Episode 1


Within just a mile or two of downtown San Jose, California are located an airport, a train station, a Greyhound terminal, and a major sports stadium. At about a million souls, the city itself is the 10th largest in the United States — outstripping its more-storied neighbor 48-odd miles to the north. And between them and their surrounding counties — taking in everything down to Santa Cruz and out to San Joaquin and San Benito counties — they make up the San Francisco Bay Area, an 8 million strong region that has the second-highest density of college graduates in the country.

As a staging area for the region, the confluence of an airport, a train station, a bus terminal, and a stadium made the area perfect.

A few private cars mixed with the official vehicles. Most of the private vehicles sported Uber stickers, not a few of them also bearing pink Lyft insignia and other signage. The official vehicles were mostly vans used for transporting people. A significant proportion sported the increasingly-familiar decals of ICE: Enforcement & Removal Operations (ERO). But there was a mix of other organizations represented. FBI, US Marshals, DEA, even the Secret Service. State and local agencies were less well-represented, various jurisdictions having refused to participate in the 45th President’s Plans.


It was a delicious irony, he thought. All those years of staying legal. Living by the rules. Agonizing about job decisions. Playing it safe… It had taken 19 years, but he had become a citizen. With full rights. For the first time in his life, at 40, he was able to vote. And he had picked well. The first African-American President of the United States.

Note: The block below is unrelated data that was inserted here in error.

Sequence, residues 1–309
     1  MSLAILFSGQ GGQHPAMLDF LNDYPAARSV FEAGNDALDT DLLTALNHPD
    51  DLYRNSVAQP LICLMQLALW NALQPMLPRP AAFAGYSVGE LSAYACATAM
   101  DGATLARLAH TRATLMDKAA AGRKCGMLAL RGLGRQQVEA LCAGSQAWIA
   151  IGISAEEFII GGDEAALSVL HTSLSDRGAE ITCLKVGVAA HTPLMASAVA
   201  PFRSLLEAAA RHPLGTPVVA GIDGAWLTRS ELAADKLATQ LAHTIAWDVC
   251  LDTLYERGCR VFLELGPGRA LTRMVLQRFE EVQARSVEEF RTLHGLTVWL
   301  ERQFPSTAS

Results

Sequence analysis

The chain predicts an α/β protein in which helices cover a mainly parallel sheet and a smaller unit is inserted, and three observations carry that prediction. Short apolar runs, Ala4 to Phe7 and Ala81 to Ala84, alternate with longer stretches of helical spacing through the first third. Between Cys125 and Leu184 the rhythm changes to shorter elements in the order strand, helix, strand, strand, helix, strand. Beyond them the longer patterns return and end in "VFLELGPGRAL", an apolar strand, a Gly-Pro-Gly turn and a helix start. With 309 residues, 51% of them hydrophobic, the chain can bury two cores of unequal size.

It had been a good choice.The economy had improved, he had reinvented himself as a solar technologist and built a small business. Made contributions to help re-elect that President he had helped pick. The small picture in the hands of the uniformed ICE agent was a trophy from that campaign.

“Sorry, sir, but you have to come with us. Your family will be waiting for you at the station.” With that, the agent tossed the picture frame aside and Himro heard the crunch of glass as the agent behind him stepped on it.


Basit stood up from behind his desk and sauntered over to the picture window in his Silicon Valley office. From that vantage, one could just see the tops of the largest roller coasters at the Great America theme park beyond the office buildings across Highway 101.

As a Vice President at Yahoo, Basit had managed actual people along the way. The life he’d led the last couple or three decades, however, had been about technology, business plans, raising venture capital from investors. It wasn’t the Industrial Age when your business enterprise was measured by how many employees it had slaving away in factories. Or even like the large corporations of today, where the number of your reports is a measure of how important an executive you are. Today’s innovation economy measures its successes in how many tens of millions you raised in meetings amongst nerdy men — mostly men, anyway — around conference tables that usually sit about a dozen people.

But he had managed people.

Which was on his mind as he packed up his office. At least for now. He had been assured that his job and his office would be waiting for him once things had been figured out and people could go back to their lives, living the American Dream.

Managing people and how much experience he had of it was on his mind because he knew that would be most of what he would be doing, right from when he got to the station.

His Uber was waiting.


Yes, there was an irony. Here she was at the airport while Himro was on his way to the station.

She’d followed in her brother-in-law’s footsteps, at least in terms of a career path, getting a graduate degree from an American university and then getting a job in Silicon Valley.

Her circle of friends, all early in their careers, all on H1Bs, worked hard. And partied as hard as their religious principles and the evolving moral sensibilities of new “non-immigrants” would allow. Even celebrated a Muslim Christmas this last month. As she looked around the bus, each face was lost in the same kind of thought.

…continued Episode 2